I was going for a walk the other day when my friend pointed out a bird that we saw flying overhead. “That’s a Cowbird,” she commented. For a minute, I thought she had said Cowbird, so my response was, “a what?” “It’s a Cowbird!” I had never heard of a Cowbird. I can identify Cardinals and Robins but beyond that, I’m pretty much lost.
Since I was curious about this bird, I went home and did a little research. What I found out was fascinating. Apparently, Cowbirds originally relied on wandering Buffalo herds for their food. Their snack of choice was the seed in buffalo excrement— as disgusting as that sounds. Anyway, as the buffalo disappeared from our plains, they adapted to another herd food source. They started spending time with cows and found their food supply in the form of insects in the grass, ticks on the cows and seeds/grains.
Since they found their food source with herding animals that always moved on, they would have to lay their eggs and leave them behind in existing nests. To this day, they still follow the same pattern.
Cowbirds will lay their eggs in other bird’s nests. They usually pick the nests of smaller species that they can dominate. They have been known to push out the other eggs already laid by the bird and steal their food. They then take off, leaving their eggs in the nest, with the hope that the other bird will care for them. Often, the smaller bird will raise the young Cowbird as its own. Cowbirds lay as many as 40 eggs in a season, which means they spend a lot of their energy trying to find nests where they can leave their not-yet-hatched babies.
They have learned how to adapt and thrive at the expense of others.
After mulling over this new bit of knowledge, I decided that Cowbirds reminded me of that problem co-worker that I’m sure you’ve encountered at some point in your career. One time, I worked on a group project with three others. The initial idea was mine and I actually did the bulk of the work. I worked very hard on the project and the results were quite impressive. When we presented the project to the big bosses, I began to explain the project for our team and how we would unfold the initiative. Before I could continue, the Cowbird took over. She began to talk in first person and by the end of her soliloquy, she had taken full credit for the idea right through to the end product. She even physically pushed me out of the way during the process. In actuality, she had done none of the work but had left it for me and the other team member.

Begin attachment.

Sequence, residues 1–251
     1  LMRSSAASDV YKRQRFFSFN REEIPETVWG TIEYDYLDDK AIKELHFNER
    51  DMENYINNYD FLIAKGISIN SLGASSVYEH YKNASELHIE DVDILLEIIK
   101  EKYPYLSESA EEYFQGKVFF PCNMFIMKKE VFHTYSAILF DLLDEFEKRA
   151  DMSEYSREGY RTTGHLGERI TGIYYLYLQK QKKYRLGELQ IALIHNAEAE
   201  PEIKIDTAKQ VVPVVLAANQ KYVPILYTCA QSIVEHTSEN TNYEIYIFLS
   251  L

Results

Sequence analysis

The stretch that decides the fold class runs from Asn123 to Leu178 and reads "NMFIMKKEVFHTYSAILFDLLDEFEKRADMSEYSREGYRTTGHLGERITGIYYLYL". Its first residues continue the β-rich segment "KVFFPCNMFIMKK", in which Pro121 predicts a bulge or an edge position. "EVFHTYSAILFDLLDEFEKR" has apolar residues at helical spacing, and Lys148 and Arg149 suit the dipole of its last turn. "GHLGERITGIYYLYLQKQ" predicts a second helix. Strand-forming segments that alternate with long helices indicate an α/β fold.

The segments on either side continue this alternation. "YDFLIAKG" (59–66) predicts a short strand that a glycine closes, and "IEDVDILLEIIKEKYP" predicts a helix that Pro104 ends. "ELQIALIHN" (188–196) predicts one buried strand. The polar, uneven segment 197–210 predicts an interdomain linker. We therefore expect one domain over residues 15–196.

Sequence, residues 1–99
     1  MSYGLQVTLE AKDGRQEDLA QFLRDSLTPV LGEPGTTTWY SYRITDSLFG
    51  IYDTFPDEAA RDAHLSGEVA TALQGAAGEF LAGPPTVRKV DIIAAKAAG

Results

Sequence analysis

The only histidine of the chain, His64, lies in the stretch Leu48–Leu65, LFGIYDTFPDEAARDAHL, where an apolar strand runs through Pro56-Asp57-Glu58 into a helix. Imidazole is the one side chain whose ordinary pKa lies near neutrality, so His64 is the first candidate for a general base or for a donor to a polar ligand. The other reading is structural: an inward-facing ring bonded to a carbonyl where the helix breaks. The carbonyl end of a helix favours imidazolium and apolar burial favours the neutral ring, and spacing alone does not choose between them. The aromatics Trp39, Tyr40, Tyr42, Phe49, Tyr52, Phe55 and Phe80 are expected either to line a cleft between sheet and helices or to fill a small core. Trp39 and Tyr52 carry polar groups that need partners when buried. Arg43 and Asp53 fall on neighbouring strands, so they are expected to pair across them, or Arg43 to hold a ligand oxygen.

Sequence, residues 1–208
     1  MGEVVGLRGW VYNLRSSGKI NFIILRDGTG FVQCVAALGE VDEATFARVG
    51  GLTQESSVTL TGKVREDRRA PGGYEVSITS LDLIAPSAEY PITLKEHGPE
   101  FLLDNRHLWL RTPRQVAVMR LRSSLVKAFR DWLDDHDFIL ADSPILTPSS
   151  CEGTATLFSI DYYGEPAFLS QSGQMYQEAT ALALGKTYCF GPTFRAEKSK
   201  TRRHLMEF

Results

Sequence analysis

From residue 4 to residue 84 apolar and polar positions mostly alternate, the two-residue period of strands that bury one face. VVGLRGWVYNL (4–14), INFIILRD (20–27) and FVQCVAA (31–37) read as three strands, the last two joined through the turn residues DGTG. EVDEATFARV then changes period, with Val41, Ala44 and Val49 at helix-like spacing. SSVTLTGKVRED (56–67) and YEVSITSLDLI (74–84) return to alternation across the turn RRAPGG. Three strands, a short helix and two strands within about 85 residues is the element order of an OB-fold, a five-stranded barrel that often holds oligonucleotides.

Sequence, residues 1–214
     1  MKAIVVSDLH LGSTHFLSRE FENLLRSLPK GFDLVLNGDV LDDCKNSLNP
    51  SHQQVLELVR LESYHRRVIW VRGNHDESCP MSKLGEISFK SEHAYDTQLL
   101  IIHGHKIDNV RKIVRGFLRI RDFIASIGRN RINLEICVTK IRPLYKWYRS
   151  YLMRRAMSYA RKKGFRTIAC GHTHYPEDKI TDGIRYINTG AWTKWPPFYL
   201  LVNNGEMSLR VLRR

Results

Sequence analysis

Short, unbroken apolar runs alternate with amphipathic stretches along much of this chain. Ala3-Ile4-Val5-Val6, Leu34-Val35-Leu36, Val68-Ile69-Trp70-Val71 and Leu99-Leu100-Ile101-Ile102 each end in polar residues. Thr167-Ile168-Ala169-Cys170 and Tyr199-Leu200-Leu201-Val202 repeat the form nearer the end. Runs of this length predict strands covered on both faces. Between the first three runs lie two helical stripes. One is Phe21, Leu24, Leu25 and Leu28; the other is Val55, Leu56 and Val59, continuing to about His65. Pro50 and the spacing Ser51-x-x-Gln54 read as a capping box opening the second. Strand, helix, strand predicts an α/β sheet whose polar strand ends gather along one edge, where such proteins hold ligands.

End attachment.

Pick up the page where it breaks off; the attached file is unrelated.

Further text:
This human Cowbird had learned all too well how to not only survive but also thrive in the working world. The problem was that she had learned how to thrive at the expense of the other workers around her. In case you’re wondering, she didn’t get away with it. Did you really think that I would take that lying down?
We had a nice chat and she didn’t ever try it again with me. But I’m sure she attempted to repeat her pattern. This was resilience at it’s worst— she had found a way to survive and adapt but created a toxic work environment in the process.
If you currently have a Cowbird in your midst, you need to make sure that they get called out to take responsibility. Their pattern is probably ingrained from many years of practice and won’t change without firm re-direction.